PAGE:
Finishing encompasses chemical or mechanical treatments performed on fiber,yarn, or fabric to improve appearance, texture, or performance. Mechanical finishes can involve brushing, ironing or other physical treatments used to increase the luster and feel of textiles. Application of chemical finishes to textiles can impart a variety of properties ranging from decreasing static cling to increasing flame resistance. The most common chemical finishes are those that ease fabric care, such as the permanent-press, soil-release, and stain- resistant finishes. Chemical finishes are usually followed by drying, curing, and cooling steps. Application of chemical finishes are often done in conjunction with mechanical finishing steps (Snowden-Swan, 1995). Selected mechanical and chemical finishing techniques are described below.
Optical finishes added to either brighten or deluster the textile.
Absorbent and soil release finishes
These finishes that alter surface tension and other properties to increase water absorbency or improve soil release.
Softeners and abrasion-resistant finishes
Softeners and abrasion-resistant finishes are added to improve feel or to increase the ability of the textile to resist abrasion and tearing.
Physical stabilization and crease-resistant finishes
These finishes, which may include formaldehyde-based resin finishes, stabilize cellulosic fibers to laundering and shrinkage, imparting permanent press properties to fabrics (ATMI, 1997b).
Finished cloth is fabricated into a variety of apparel and household and industrial products. The simpler of these products, such as bags, sheets, towels, blankets, and draperies, often are produced by the textile mills themselves. Apparel and more complex housewares are usually fabricated by the cutting trades. Before cutting, fabrics must be carefully laid out. Accuracy in cutting the lay fabric is important since any defects created at this point may be carried through other operations and end up in the final product. For simple household and industrial products, sewing is relatively straightforward. The product may then be pressed to flatten the fabric and create crisp edges.
Heatsetting is a dry process used to stabilize and impart textural properties to synthetic fabrics and fabrics containing high concentrations of synthetics. When manmade fibers are heatset, the cloth maintains its shape and size in subsequent finishing operations and is - stabilized in the form in which it is held during heatsetting (e.g., smooth, creased, uneven). Textural properties may include interesting and durable surface effects such as pleating, creasing, puckering, and embossing. Heatsetting can also give cloth resistance to wrinkling during wear and ease-of-care properties attributed to improvements in resiliency and in elasticity. Pollution outputs may include volatile components of spin finishes if heatsetting is performed before scouring and bleaching processes. These components are introduced to the fabrics during the manufacture of synthetic fibers, when proprietary spin finishes are applied to provide lubrication and impart special properties, such as antistatic, to the fiber.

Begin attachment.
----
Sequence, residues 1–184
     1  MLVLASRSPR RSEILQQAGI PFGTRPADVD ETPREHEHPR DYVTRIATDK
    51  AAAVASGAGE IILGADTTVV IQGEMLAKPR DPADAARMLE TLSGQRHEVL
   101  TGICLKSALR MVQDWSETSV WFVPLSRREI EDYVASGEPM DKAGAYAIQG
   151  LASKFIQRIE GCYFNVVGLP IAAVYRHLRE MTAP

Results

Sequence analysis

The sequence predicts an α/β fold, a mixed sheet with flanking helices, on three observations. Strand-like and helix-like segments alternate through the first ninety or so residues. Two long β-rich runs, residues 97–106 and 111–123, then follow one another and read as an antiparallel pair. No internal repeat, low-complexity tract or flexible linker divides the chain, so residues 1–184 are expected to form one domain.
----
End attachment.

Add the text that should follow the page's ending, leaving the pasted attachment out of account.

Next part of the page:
Brushing and napping
Brushing and napping decrease the luster of fabrics by roughening or raising the fiber surface and change the feel or texture of the fabric (ATMI, 1997b). These processes involve the use of wires or brushes that pull individual fibers.
Calendering, or ironing, can be used to reduce surface friction between individual fibers, thereby softening the fabric structure and increasing its sheen. In calendering, the fabric passes through two or more rolls. Typically, one roll is made of chilled steel, while the other is made of a softer material like cotton fibers. The steel roll may also be heated using gas or steam. Once goods pass through the machine they are wound up at the back of the machine.
Luster can be added to yarns by flattening or smoothing the surfaces under pressure. This can be achieved by beating the fabric surface or passing the fabric between calendering rolls. The luster can be further increased if the rolls are scribed with closely spaced lines.
Shearing is a process that removes surface fibers by passing the fabric over a cutting blade.
Compacting, which includes the Sanforizing process, compresses the fabric structure to reduce stresses in the fabric. The Sanforizing process reduces residual shrinkage of fabrics after repeated laundering (Wingate, 1979). The fabric and backing blanket are fed between a roller and a curved braking shoe, with the blanket under tension. The tension on the blanket is released after the fabric and blanket pass the braking shoe. Compacting reduces the potential for excessive shrinkage during laundering.